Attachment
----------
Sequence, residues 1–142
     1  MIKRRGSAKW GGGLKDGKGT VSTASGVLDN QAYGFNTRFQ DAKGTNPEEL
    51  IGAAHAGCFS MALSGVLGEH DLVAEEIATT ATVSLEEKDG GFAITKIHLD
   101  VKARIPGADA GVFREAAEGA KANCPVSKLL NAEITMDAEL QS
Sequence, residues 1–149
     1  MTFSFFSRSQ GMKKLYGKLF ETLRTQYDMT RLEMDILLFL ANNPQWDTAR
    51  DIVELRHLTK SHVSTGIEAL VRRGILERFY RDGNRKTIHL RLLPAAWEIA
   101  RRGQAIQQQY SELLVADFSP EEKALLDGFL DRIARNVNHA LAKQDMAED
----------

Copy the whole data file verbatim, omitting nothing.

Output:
Sequence, residues 1–142
     1  MIKRRGSAKW GGGLKDGKGT VSTASGVLDN QAYGFNTRFQ DAKGTNPEEL
    51  IGAAHAGCFS MALSGVLGEH DLVAEEIATT ATVSLEEKDG GFAITKIHLD
   101  VKARIPGADA GVFREAAEGA KANCPVSKLL NAEITMDAEL QS
Sequence, residues 1–149
     1  MTFSFFSRSQ GMKKLYGKLF ETLRTQYDMT RLEMDILLFL ANNPQWDTAR
    51  DIVELRHLTK SHVSTGIEAL VRRGILERFY RDGNRKTIHL RLLPAAWEIA
   101  RRGQAIQQQY SELLVADFSP EEKALLDGFL DRIARNVNHA LAKQDMAED